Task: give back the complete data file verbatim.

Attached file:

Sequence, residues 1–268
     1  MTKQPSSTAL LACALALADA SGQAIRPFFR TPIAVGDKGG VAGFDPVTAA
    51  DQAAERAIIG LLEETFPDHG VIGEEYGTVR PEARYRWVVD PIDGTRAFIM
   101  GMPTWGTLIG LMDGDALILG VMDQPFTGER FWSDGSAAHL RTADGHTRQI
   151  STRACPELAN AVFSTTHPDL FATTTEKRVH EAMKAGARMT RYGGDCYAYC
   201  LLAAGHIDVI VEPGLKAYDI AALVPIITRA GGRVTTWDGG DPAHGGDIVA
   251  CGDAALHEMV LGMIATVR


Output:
Sequence, residues 1–268
     1  MTKQPSSTAL LACALALADA SGQAIRPFFR TPIAVGDKGG VAGFDPVTAA
    51  DQAAERAIIG LLEETFPDHG VIGEEYGTVR PEARYRWVVD PIDGTRAFIM
   101  GMPTWGTLIG LMDGDALILG VMDQPFTGER FWSDGSAAHL RTADGHTRQI
   151  STRACPELAN AVFSTTHPDL FATTTEKRVH EAMKAGARMT RYGGDCYAYC
   201  LLAAGHIDVI VEPGLKAYDI AALVPIITRA GGRVTTWDGG DPAHGGDIVA
   251  CGDAALHEMV LGMIATVR